Selling Really is Simple
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Excerpt from Chapter Three of How
to Sell Anything to Anyone Anytime.
Now that Iíve punctured your
misconceptions about what sales is, and given you some ideas about what
sales is not, itís time to hone in on the good stuff. Here
are a number of different definitions to help you come to grips with
what selling really entails.
1. Selling is
the science of helping people get what they want.
If your prospective customer doesnít
want or need what you are offering - if it
doesnít fill some need in the customer - then you have no business
engaging in the selling process with him. Now donít get too
hung up on the definition of ďneed.Ē If we define that too
narrowly, it would eliminate everything except food and
shelter. Our needs and wants are ever-expanding, and include
things that make us feel good or fill some emotional need as well those
that meet our basic needs. We may not really need a caramel
cream latte, but thousands are purchased every day. It makes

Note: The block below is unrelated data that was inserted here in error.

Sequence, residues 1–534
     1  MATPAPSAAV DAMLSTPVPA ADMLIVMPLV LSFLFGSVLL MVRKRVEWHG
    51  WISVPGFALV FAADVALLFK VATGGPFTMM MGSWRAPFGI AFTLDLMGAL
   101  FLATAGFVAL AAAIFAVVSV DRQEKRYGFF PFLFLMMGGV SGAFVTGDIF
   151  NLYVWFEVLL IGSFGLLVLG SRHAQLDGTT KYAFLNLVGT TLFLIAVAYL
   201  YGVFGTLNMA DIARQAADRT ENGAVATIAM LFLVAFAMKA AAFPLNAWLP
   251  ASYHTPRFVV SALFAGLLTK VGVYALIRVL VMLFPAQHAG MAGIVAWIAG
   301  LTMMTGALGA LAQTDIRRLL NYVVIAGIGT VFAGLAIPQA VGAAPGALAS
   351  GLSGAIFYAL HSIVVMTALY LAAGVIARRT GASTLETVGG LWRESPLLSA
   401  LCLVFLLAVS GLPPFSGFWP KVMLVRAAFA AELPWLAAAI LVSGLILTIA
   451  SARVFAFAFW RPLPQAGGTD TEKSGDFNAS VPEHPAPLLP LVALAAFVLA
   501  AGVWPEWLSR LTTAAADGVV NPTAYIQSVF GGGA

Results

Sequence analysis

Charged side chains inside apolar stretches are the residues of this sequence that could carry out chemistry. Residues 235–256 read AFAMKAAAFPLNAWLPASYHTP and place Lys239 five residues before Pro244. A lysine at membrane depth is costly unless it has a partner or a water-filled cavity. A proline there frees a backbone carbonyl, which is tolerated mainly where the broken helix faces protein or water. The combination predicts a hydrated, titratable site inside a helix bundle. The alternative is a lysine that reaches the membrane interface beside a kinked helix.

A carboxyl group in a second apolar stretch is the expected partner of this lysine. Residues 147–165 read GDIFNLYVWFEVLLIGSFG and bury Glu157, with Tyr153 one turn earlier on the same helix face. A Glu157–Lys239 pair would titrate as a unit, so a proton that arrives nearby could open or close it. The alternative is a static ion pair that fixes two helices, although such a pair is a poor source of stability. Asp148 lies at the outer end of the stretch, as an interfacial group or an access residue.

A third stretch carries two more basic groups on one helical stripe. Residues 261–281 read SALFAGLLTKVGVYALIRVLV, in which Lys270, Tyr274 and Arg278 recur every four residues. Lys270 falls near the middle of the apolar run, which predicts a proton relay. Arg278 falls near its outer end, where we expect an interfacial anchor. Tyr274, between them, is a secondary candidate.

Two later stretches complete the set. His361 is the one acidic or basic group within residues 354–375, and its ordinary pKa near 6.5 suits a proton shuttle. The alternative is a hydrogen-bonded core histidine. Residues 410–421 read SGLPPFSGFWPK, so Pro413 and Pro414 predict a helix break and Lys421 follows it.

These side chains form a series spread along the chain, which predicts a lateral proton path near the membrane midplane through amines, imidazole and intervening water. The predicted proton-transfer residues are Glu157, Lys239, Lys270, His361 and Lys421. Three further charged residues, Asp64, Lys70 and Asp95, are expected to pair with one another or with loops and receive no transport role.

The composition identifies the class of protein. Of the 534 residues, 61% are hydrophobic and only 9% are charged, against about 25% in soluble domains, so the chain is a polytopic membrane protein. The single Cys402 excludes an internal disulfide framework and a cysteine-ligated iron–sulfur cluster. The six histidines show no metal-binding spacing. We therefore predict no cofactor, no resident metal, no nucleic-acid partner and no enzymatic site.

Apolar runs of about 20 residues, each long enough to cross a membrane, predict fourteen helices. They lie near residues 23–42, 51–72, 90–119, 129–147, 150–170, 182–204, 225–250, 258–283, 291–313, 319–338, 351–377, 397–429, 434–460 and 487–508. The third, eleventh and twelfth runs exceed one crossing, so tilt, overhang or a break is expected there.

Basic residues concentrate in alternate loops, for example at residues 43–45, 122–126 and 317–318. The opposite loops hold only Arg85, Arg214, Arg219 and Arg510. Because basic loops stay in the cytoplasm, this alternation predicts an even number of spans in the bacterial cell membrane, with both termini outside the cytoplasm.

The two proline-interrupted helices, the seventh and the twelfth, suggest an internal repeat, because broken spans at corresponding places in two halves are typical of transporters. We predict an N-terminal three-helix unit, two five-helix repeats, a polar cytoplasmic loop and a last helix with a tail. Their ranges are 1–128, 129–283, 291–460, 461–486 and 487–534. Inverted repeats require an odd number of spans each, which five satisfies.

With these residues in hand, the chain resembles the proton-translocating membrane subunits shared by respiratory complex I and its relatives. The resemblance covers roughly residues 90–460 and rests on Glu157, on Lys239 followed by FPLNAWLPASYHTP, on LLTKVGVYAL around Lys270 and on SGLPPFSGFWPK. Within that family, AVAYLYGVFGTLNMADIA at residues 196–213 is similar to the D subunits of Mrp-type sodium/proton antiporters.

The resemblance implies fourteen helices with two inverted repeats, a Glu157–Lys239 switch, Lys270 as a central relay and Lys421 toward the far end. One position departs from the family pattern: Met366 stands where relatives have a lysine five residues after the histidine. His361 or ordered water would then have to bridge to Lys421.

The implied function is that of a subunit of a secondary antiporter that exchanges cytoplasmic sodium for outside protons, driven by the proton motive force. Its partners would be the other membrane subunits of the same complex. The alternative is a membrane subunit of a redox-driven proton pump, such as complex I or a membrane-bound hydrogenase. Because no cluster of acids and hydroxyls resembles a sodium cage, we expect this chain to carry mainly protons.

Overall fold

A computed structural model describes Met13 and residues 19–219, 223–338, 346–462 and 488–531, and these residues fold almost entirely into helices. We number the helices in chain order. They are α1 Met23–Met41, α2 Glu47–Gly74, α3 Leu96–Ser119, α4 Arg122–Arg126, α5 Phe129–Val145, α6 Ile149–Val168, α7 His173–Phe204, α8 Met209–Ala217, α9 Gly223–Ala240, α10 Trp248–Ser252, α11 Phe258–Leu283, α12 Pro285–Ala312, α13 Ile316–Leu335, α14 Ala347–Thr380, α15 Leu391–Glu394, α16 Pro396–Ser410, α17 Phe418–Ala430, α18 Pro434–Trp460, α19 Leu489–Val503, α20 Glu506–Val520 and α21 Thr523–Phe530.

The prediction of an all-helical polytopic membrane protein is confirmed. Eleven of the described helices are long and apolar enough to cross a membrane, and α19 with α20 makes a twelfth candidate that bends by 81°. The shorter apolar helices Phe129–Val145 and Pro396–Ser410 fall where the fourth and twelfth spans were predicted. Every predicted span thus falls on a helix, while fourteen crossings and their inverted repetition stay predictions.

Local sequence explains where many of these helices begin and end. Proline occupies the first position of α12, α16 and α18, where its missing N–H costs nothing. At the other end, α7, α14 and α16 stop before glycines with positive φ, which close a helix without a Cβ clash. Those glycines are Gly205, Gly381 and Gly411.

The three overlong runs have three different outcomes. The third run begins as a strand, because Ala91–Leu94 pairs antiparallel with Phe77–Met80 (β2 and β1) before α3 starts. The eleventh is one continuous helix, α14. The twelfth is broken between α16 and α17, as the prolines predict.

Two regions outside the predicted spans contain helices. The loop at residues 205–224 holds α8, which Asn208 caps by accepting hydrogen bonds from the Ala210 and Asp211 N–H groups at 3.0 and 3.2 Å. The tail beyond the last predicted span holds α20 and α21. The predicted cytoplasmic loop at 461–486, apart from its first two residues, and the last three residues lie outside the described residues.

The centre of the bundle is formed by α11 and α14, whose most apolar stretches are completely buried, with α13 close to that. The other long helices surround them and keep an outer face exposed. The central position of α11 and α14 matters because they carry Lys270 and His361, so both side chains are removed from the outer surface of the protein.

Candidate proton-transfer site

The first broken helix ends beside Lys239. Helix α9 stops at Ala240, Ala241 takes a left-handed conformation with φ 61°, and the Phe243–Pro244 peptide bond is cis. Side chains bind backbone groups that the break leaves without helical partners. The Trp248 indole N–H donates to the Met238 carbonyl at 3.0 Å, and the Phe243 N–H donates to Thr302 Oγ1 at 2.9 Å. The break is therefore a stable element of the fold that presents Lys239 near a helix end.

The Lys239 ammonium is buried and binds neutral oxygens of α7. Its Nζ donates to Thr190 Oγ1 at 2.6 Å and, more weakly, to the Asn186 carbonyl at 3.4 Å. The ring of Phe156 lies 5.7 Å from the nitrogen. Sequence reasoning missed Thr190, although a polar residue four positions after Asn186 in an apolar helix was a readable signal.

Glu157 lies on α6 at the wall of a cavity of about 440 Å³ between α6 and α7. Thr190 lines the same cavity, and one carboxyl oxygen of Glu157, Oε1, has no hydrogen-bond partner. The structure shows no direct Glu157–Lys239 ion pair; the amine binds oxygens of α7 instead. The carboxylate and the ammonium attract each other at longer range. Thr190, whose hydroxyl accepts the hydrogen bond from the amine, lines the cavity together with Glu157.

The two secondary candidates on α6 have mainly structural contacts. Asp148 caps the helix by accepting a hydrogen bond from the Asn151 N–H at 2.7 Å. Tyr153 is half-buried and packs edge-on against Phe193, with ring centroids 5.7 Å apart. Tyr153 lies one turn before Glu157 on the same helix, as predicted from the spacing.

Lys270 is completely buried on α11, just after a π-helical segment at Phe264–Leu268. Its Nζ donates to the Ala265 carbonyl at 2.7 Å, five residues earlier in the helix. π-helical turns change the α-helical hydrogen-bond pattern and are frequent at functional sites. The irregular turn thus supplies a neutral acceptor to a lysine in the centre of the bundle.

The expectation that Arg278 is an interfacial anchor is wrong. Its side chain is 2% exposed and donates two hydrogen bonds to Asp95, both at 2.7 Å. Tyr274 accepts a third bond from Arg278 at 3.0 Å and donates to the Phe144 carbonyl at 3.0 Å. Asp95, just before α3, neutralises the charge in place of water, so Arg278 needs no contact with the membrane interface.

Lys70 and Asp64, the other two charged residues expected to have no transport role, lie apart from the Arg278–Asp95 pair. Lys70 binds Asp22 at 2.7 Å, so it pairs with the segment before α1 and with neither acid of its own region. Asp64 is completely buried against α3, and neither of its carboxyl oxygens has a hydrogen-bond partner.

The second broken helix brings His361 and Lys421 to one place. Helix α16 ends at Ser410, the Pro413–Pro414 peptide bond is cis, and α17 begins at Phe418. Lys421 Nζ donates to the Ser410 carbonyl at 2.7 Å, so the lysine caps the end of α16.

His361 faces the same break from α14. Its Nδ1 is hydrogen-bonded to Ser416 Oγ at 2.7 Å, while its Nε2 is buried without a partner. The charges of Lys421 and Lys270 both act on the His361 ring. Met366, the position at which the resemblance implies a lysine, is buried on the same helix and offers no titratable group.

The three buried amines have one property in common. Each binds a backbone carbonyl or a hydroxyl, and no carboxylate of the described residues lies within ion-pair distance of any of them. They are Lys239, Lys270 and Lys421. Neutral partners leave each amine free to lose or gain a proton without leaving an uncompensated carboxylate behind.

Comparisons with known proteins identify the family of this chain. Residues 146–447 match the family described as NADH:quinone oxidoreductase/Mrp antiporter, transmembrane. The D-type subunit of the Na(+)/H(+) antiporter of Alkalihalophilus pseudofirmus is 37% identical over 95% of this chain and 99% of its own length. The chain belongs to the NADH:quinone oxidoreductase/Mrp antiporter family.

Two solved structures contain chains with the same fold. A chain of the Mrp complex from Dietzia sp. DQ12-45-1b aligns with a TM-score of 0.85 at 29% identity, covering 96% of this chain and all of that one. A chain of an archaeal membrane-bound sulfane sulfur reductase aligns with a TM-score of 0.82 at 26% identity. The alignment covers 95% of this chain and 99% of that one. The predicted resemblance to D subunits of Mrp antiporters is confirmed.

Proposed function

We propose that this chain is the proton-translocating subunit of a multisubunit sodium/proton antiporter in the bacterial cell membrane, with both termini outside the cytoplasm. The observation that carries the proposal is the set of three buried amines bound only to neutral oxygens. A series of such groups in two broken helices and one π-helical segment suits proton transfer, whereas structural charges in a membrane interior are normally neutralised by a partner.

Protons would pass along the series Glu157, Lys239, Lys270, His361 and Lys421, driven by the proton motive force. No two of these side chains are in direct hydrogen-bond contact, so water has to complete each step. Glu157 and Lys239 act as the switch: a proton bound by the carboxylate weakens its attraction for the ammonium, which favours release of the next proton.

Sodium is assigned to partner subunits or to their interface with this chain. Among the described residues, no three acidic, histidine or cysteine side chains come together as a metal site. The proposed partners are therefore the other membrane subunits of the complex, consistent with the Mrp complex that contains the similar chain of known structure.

us feel good.
While selling is what you do, and
you can do it better, it is still less about you and more about your
2. Selling is
the process of helping people make decisions that often lead them to
purchase from you.
Effective selling begins with an
understanding that it is about influencing the decisions of the
customer. In other words, the ultimate location for the sales
process is the mind and heart of the customer. Very few sales
situations involve only one decision. One decision leads to
another, which leads to another, which leads to the decision to
Hereís an example I often use to
illustrate this point. Letís take one of the simplest selling